But in retrospect, that’s why they made their part short; “Deep in Abyss” is an original story, but also a continuation. Players begin as their own character, with three other orphans arriving the same day. Everyone hits it off, and the training for higher whistle ranks begins. This part had way more cutscenes, and still had every line voiced. There are even more original characters to see and find. Not only that, but the game finally started to give money and EXP. In “Hello Abyss” Riko was at a set level, with set upgrades, and did not receive money or level-ups. And that’s when it hit me: that was the demo for the bigger game. Kind of weird for the part of a game with memorable characters to be the opening act, but eh, c’est la vie. After the four-hour introduction, I was really getting into the game.
And then I wasn’t.
I’ll backtrack one last time. The pace of the game is a roller coaster. One minute you’re hitting beats and pressing buttons mid-cutscene during the action, and the next is a slog—listening to the bland music and the characters’ recycled one-liners, traveling with no line of direction for your objective, and the worst part: endlessly spawning enemies. That last part was an intentional design by Spike Chunsoft to keep players from sitting still too long. Except too long is apparently just stopping to try and heal. They can also spawn at any time, even while players are climbing. And yes, the monsters will attack or knock the cave raiders off the wall, ending what was probably a desperate climb to safety.
And when I said there’s no direction for your objective, I mean the parts where they want the player to get items. The other objectives have a purple helping hand icon or a yellow whistle on the map. The other times it’s “Have fun storming the Abyss!” which is stressful! You can only carry so much going in and out. You’ve got a set weight, which you can upgrade (but not when you want to), but everything comes with some weight to it. The most important items are the heaviest, while all the many cooking and crafting items will hardly matter at all. The ingredient for making self-made rope is 250G, and you need two of them (they randomly spawn, no set placement). The meat from animals can be cooked, but you also need additional ingredients with every recipe, if you know the recipe that is.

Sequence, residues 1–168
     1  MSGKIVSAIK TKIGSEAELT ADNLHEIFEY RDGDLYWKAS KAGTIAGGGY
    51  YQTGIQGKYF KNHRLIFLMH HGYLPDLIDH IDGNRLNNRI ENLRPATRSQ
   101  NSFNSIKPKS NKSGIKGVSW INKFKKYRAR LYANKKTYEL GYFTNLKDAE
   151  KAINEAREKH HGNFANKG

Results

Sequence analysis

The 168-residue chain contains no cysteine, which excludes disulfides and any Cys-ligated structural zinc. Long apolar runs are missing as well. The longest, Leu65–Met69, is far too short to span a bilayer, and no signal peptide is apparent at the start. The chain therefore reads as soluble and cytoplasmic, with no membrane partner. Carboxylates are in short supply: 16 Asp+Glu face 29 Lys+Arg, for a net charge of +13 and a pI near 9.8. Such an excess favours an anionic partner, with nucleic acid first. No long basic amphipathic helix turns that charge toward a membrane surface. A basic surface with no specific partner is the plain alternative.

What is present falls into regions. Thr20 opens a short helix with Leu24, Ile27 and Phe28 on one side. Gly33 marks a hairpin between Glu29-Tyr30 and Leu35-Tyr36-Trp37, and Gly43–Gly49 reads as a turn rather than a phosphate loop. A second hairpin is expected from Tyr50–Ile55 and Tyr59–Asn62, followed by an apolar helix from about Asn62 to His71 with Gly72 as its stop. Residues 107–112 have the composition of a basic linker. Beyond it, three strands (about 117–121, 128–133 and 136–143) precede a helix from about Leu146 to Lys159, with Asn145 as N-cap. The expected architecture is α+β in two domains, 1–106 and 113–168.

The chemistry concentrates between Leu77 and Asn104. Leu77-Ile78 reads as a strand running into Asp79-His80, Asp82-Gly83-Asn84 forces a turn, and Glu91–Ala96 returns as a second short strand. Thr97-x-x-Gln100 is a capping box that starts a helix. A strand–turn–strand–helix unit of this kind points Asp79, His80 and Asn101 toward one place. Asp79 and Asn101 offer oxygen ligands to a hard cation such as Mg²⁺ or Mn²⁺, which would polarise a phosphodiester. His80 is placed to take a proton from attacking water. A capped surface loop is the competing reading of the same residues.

It’s All About the Money, Money, Money
The best thing to find are relics. Like the plot, the relics can be appraised for experience and money. The deeper the layer, the better the relic. But of course, relics also contain a weight, a very big weight. If the items go over the weight limit, the player becomes encumbered and can barely move. This gets frequently annoying, as you have to balance between ingredients, randomly spawned item, relics, and equipment, making hard decisions about what to drop in order to lighten your load. Restarting the Abyss means restarting from the top, and leaving means exiting from the top. Pausing to stop the curse effect, then being bombarded with endless spawning monsters, leaves no time to recoup or think of a plan, save for going back down.
This one time I was extremely lucky. The objective I finished did not send me back to town, and I did not have enough stamina to climb up the exit. So my only choice was to go deeper. I snuck past a Splitjaw and went to the bottom of the first layer before I found a bag containing lots of tools, food, and a shortcut to the top. That was one of my favorite moments, because I walked away from that with a lot of relics to appraise. It also makes me sad that I am walking around reluctantly wanting to play this game.
The Bottom of the Review
The whole experience feels like a PS2 game. Dated mechanics, lackluster sounds and noises, and unforgiving gameplay. And the worst part is I feel like it’s all intentional to make me feel like I’m actually playing in the Abyss. Which is kind of genius I guess, but I didn’t see things getting better in the end game. Fast travel doesn’t work—apparently, it has to be unlocked—and even then it doesn’t work like other conventional fast travel systems. I would like to see the player acquire their own relics and eventually legendary weapons, tools that no longer break, and a robot hand that eliminates the use of buying rope. And a super snazzy but highly dangerous jump mechanic. Yes, the player becoming Reg in a sense. It’s going for an original story, why not give it an original ending? I’m just saying. There’s an opportunity for a truly unique experience. There’s already a unique challenge here with the way the Abyss has been made, there’s no denying that. But I want the pain to be justified; a satisfying payoff for challenging Chime Corporation’s Abyss.
The Bottom Line
Made in Abyss: Binary Star offers a unique challenge that's worth trying, but it needs some quality-of-life improvements to be worth paying full price.